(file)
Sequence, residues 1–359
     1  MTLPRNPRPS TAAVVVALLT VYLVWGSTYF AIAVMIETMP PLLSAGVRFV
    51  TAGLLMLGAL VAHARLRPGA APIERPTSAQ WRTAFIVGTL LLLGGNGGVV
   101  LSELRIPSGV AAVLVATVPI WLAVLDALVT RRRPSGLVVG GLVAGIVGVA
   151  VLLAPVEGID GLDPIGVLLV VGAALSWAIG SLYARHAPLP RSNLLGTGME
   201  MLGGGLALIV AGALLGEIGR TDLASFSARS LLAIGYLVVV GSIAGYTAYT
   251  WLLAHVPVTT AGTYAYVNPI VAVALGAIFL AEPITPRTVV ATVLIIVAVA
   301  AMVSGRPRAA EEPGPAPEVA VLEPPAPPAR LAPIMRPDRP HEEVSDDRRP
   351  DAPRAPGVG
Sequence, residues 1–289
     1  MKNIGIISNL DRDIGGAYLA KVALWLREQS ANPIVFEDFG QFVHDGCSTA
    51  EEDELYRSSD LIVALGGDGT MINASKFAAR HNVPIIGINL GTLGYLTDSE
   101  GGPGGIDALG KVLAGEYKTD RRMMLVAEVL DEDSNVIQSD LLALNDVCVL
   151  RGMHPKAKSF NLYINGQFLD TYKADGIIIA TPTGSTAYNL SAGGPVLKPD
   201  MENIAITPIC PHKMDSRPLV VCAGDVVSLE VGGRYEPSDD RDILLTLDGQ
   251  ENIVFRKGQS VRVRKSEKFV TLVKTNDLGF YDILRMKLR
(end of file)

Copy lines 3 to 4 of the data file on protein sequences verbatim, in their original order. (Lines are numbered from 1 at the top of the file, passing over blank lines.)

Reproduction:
    51  TAGLLMLGAL VAHARLRPGA APIERPTSAQ WRTAFIVGTL LLLGGNGGVV
   101  LSELRIPSGV AAVLVATVPI WLAVLDALVT RRRPSGLVVG GLVAGIVGVA